**2017**, 48, 2410–2424. [Google Scholar] [CrossRef] - Obiko, J. Friction correction of flow stress-strain curve in the upsetting process. IOP SciNotes
**2021**, 2, 014401. [Google Scholar] [CrossRef] - Li, Y.; Onodera, E.; Chiba, A. Friction Coefficient in Hot Compression of Cylindrical Sample. Mater. Trans.
**2010**, 51, 1210–1215. [Google Scholar] [CrossRef] [Green Version] - Roebuck, B.; Lord, J.; Brooks, M.; Loveday, M.; Sellars, C.; Evans, R. Measurement of flow stress in hot axisymmetric compression tests. Mater. High Temp.
**2006**, 23, 59–83. [Google Scholar] [CrossRef] - Ghosh, S.; Somani, M.C.; Setman, D.; Mula, S. Hot Deformation Characteristic and Strain Dependent Constitutive Flow Stress Modelling of Ti + Nb Stabilized Interstitial Free Steel. Met. Mater. Int.
**2020**, 27, 2481–2498. [Google Scholar] [CrossRef] - Hu, M.; Dong, L.; Zhang, Z.; Lei, X.; Yang, R.; Sha, Y. Correction of Flow Curves and Constitutive Modelling of a Ti-6Al-4V Alloys. Metals
**2018**, 8, 256. [Google Scholar] [CrossRef] [Green Version] - Samantaray, D.; Mandal, S.; Bhaduri, A. Optimization of hot working parameters for thermo-mechanical processing of modified 9Cr–1Mo (P91) steel employing dynamic materials model. Mater. Sci. Eng. A
**2011**, 528, 5204–5211. [Google Scholar] [CrossRef] - Jonas, J.J.; Quelennec, X.; Jiang, L.; Martin, É. The Avrami kinetics of dynamic recrystallization. Acta Mater.
**2009**, 57, 2748–2756. [Google Scholar] [CrossRef] - Lin, Y.; Chen, X.-M. A critical review of experimental results and constitutive descriptions for metals and alloys in hot working. Mater. Des.
**2011**, 32, 1733–1759. [Google Scholar] [CrossRef] - Bodunrin, M.O.; Chown, L.H.; van der Merwe, J.W.; Alaneme, K.K. Hot working behaviour of experimental Ti-4.5Al-1 V-3Fe alloy with initial lamellar microstructure. Int. J. Adv. Manuf. Technol.
**2020**, 106, 1901–1916. [Google Scholar] [CrossRef] - Obiko, J.; Chown, L.; Whitefield, D.; Bodunrin, M. Understanding hot workability of power plant P92 creep resistant steels using dynamic material modelling (DMM) and microstructural evolution. Int. J. Interact. Des. Manuf.
**2022**. [Google Scholar] [CrossRef] - Obiko, J.O.; Chown, L.H.; Whitefield, D.J. Warm deformation behaviour of P92 steel. Mater. Res. Express
**2019**, 6, 1265j7. [Google Scholar] [CrossRef] - Wang, H.; Wang, W.; Zhai, R.; Ma, R.; Zhao, J.; Mu, Z. Constitutive Equations for Describing the Warm and Hot Deformation Behavior of 20Cr2Ni4A Alloy Steel. Metals
**2020**, 10, 1169. [Google Scholar] [CrossRef] - Akbari, Z.; Mirzadeh, H.; Cabrera, J.-M. A simple constitutive model for predicting flow stress of medium carbon microalloyed steel during hot deformation. Mater. Des.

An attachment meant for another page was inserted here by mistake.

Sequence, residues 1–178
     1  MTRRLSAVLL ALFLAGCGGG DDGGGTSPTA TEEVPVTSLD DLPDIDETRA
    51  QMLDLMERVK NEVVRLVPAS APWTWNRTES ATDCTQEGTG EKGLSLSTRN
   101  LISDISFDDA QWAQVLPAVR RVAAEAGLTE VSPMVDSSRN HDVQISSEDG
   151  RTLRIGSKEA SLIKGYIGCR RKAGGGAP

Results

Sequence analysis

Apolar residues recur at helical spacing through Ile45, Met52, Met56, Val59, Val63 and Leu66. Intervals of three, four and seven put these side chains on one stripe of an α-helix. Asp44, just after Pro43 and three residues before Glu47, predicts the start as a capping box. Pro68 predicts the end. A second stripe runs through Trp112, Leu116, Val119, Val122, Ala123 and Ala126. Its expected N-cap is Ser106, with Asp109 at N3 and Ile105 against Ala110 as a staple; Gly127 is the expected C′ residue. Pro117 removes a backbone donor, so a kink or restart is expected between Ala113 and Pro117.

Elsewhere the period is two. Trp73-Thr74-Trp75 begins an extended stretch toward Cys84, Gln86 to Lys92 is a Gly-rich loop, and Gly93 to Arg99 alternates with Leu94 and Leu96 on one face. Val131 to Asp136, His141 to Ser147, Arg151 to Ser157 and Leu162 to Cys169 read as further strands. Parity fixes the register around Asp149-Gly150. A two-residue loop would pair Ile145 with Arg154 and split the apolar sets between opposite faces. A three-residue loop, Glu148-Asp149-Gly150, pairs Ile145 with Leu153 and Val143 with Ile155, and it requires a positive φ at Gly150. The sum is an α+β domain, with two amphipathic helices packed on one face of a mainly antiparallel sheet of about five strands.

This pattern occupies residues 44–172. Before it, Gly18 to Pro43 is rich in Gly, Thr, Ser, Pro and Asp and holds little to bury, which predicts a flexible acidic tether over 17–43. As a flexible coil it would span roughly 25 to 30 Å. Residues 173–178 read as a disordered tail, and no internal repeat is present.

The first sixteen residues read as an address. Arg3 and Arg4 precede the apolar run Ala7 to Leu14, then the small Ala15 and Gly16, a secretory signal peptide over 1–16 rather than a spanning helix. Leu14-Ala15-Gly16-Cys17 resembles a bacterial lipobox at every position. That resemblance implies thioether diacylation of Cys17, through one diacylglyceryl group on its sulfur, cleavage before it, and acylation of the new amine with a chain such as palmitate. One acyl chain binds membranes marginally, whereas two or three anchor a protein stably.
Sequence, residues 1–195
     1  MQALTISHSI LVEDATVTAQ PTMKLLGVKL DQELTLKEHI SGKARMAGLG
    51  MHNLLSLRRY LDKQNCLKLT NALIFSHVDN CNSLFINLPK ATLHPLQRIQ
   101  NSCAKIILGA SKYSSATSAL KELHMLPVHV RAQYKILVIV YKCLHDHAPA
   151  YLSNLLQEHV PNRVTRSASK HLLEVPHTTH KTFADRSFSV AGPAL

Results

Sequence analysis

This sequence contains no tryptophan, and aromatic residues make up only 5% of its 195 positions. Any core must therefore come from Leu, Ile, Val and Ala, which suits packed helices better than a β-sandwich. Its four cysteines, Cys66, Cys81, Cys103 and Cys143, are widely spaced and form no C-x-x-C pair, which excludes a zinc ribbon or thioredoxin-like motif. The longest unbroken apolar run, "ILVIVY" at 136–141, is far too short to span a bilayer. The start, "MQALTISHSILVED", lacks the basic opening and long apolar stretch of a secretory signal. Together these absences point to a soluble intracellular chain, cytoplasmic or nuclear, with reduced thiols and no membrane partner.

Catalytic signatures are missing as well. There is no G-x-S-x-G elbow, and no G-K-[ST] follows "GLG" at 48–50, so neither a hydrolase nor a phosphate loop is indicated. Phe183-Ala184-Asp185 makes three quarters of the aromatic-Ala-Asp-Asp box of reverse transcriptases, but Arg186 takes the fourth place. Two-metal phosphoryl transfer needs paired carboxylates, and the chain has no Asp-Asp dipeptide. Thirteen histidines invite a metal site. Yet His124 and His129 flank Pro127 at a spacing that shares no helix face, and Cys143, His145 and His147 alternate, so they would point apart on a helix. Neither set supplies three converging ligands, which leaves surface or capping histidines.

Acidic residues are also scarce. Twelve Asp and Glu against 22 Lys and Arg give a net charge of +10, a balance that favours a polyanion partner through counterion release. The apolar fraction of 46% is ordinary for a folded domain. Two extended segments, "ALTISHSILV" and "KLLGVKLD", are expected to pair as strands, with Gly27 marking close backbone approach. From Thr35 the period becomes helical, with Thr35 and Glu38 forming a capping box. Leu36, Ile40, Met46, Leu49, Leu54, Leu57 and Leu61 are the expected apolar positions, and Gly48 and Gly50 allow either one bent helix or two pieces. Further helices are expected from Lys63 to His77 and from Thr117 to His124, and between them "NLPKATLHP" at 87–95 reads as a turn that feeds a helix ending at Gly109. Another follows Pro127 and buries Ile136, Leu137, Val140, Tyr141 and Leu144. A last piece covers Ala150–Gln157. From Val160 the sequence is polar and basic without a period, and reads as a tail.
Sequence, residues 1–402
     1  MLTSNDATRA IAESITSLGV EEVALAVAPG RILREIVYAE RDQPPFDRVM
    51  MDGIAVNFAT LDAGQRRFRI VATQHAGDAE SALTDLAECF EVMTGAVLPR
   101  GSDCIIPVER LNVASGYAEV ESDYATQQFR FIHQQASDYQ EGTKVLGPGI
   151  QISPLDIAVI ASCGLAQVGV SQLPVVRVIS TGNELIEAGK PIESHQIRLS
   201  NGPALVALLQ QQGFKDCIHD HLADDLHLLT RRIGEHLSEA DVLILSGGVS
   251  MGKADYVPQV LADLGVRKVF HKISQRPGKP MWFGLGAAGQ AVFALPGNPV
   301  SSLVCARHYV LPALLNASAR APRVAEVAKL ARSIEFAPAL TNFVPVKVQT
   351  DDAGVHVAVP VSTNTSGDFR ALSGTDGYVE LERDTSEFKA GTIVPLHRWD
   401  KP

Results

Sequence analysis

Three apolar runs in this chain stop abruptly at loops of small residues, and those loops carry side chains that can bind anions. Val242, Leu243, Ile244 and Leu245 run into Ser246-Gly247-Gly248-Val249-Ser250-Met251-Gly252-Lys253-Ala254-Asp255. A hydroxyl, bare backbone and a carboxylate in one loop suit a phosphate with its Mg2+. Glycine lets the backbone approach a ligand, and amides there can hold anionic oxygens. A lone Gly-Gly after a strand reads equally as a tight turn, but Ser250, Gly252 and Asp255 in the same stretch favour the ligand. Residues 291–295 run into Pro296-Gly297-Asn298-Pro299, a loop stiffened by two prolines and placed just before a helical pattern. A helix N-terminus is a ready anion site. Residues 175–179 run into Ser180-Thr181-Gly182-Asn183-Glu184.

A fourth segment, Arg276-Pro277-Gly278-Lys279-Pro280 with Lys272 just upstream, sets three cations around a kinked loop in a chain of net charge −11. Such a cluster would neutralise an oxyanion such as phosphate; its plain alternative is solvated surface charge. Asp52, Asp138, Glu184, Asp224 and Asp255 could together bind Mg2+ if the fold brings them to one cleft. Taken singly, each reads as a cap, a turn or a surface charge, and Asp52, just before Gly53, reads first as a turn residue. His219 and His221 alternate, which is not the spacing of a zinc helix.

**2015**, 77, 126–131. [Google Scholar] [CrossRef] [Green Version] - He, J.; Zhang, D.; Zhang, W.; Qiu, C.; Zhang, W. Constitutive Equation and Hot Compression Deformation Behavior of Homogenized Al–7.5Zn–1.5Mg–0.2Cu–0.2Zr Alloys. Materials
**2017**, 10, 1193. [Google Scholar] [CrossRef] - Samantaray, D.; Mandal, S.; Bhaduri, A. A comparative study on Johnson Cook, modified Zerilli–Armstrong and Arrhenius-type constitutive models to predict elevated temperature flow behaviour in modified 9Cr–1Mo steel. Comput. Mater. Sci.
**2009**, 47, 568–576. [Google Scholar] [CrossRef] - Mirzadeh, H.; Cabrera, J.M.; Najafizadeh, A. Constitutive relationships for hot deformation of austenite. Acta Mater.
**2011**, 59, 6441–6448. [Google Scholar] [CrossRef] - Alsagabi, S. High Temperature Deformation Behavior of P92 Steel. Trans. Indian Inst. Met.
**2015**, 69, 1513–1518. [Google Scholar] [CrossRef] - Bodunrin, M.O. Flow stress prediction using hyperbolic-sine Arrhenius constants optimised by simple generalised reduced gradient refinement. J. Mater. Res. Technol.
**2020**, 9, 2376–2386. [Google Scholar] [CrossRef] - Sellars, C.; McTegart, W. On the mechanism of hot deformation. Acta Met.
**1966**, 14, 1136–1138. [Google Scholar] [CrossRef] - Menapace, C.; Sartori, N.; Pellizzari, M.; Straffelini, G. Hot Deformation Behavior of Four Steels: A Comparative Study. J. Eng. Mater. Technol.
**2018**, 140, 021006. [Google Scholar] [CrossRef] - Cabrera, J.M.; Jonas, J.J.; Prado, J.M. Flow behaviour of medium carbon microalloyed steel under hot working conditions. Mater. Sci. Technol.
**1996**, 12, 579–585. [Google Scholar] [CrossRef] - Baktash, R.; Mirzadeh, H. A Simple Constitutive Model for Prediction of Single-Peak Flow Curves Under Hot Working Conditions. J. Eng. Mater. Technol.
**2016**, 138, 021004. [Google Scholar] [CrossRef] - Alaneme, K.K.; Babalola, S.A.; Bodunrin, M.O. On the prediction of hot deformation mechanisms and workability in Al6063/Ni and Al6063/steel composites using hyperbolic-sine constitutive equation. Mater. Today Proc.